I was once in a Vietnamese restaurant on the outskirts of Amsterdam with the Italian MD of our German subsidiary (it’s a long story involving Panini stickers, a dead canary, Robert Maxwell and the Dutch bomb disposal squad – more of that another day).
Giuseppe, being fluent in as many languages as I’ve had hot dinners, ordered the food. The Dutch barman heard us talking, my obviously English eastend accent and Giuseppe’s German/Italian influenced English lilt.
“Where are you from?” he asked.
“Me, I’m from London”. I replied quickly as he sounded a bit aggressive.
“No, not you, him” he pointed at Beppe. “You sound… German”, a word he almost spat out.
I saw the look of fear (and understanding) developing in Beppes eyes. “No, no, no. I‘m Italian”.
The barman put down the glass he was cleaning. “Are you sure? Your Dutch sounds very German to me”. I was starting to get nervous. The four-eyed geeky Hackney boy in me was getting ready for flight.
“No, I just work in Germany. I’m definitely Italian”.
“Ok, I believe you”. The barman fixed him with a stare. He threw his final question “North or south?”
This exchange took place 20 years ago, 50 years after English, Dutch, Italian, German and many other European people had fought bloody battles not far from where we spoke. And it is important to remember that whilst we often portray wars as between nations, it is people that fight. It is people that die. It is people who remember the past. The memories of war ran deep in that bar.
In 1945 it is fair to say that the majority of Europeans who had visited another country did so in the uniform of their army. They went to kill the inhabitants of that country. In this generation it is very different. These days the closest British visitors to Europe get to a battlefield is to visit a Commonwealth War Graves Commission cemetery to remember their dead. But they also go, and this is particularly true of the younger generations, to visit and meet people. My son heads to Germany in 15 days time. For past generations such a sentence would be full of dread. For us it’s a thing of joy that our children go on language trips and later go and live with French or German or Spanish families on exchange visits. They come back with their photos and stories of the places they have visited and the people they have met.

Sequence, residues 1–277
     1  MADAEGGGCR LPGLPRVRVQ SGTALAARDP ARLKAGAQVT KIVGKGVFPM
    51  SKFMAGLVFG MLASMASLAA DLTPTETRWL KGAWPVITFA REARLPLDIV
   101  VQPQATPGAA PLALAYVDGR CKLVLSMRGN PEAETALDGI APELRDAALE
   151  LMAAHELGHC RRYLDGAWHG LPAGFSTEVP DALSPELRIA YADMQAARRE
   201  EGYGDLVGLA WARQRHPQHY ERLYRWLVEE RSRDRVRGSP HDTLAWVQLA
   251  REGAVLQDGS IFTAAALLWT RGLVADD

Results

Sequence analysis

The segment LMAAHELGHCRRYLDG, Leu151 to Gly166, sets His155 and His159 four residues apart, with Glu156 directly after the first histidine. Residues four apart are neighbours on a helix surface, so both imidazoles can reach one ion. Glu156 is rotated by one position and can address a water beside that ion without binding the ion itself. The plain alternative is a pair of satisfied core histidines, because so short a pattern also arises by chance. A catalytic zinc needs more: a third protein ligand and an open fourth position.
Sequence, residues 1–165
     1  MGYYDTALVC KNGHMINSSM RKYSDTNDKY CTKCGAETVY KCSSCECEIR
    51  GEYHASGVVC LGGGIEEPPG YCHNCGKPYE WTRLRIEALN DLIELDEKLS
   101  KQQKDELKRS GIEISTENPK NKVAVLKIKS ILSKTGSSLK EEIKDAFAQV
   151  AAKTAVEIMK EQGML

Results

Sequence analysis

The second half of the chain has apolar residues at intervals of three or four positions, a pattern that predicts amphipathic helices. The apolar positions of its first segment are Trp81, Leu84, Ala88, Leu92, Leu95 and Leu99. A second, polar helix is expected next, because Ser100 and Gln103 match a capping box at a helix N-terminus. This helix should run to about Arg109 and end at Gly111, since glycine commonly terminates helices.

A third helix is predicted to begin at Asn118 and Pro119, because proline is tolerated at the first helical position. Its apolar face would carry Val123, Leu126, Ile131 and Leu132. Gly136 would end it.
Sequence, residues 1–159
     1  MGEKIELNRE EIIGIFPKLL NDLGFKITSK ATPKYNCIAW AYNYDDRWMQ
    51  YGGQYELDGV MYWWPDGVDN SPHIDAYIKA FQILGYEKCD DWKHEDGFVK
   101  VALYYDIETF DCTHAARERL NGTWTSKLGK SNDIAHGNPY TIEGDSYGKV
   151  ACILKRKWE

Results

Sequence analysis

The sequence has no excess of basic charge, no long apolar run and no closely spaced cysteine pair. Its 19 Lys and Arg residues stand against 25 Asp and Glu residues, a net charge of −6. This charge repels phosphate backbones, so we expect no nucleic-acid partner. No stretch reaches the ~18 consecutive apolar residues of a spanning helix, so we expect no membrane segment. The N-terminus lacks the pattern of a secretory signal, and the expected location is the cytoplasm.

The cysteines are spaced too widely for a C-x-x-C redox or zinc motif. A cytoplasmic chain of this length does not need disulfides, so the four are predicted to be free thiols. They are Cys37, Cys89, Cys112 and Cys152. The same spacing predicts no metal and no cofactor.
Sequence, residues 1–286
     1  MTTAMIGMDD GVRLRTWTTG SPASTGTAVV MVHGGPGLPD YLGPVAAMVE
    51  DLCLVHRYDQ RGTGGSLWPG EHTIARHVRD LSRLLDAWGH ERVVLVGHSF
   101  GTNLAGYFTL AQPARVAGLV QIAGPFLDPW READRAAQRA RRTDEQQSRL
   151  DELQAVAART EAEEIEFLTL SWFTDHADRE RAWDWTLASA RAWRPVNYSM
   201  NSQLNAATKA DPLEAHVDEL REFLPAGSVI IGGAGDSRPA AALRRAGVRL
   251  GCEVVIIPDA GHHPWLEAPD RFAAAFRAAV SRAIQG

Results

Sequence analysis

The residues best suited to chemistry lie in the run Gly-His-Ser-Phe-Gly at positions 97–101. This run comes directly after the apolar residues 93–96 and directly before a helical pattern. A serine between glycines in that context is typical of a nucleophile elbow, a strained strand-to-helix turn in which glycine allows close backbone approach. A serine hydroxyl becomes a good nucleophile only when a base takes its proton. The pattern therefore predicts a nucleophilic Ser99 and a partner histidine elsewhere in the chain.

Most importantly, they come back.
Now, to get to the point of this, I’m not stupid enough to believe that this could only have come about with the existence of, and our membership within the EU. I won’t suggest that those EU members who were part of a repressive dictatorial empire would have remained in that state if the EU did not exist.
But I do believe this. It would not have happened so quickly. It would not have happened in such a concrete fashion. The people of those countries would not have been as secure as they have been in making the changes to their societies outside a structure as western and as liberal as the EU (and please do feel free to write in the comments all things the EU gets wrong, who knows, you may surprise me a come up with one or two I’m not aware of).
One further thing, and you can mischaracterise this as ‘project fear’ if you wish. Without the EU this process is more reversible than it is with it. And without the UK as a member we are more likely to see a demise of the shared experience that holds EU nations together. We are more likely to become once again a continent of competing nation states instead of a continent that has the free movement of people at the heart of its ideology. I know which one of those is more likely to lead to the Europe of the past.
I suspect that if my kids and Beppes found themselves in that same restaurant today then the conversation would be about the things that unite them rather than those that divided them.
And the barman would, of course, be Latvian.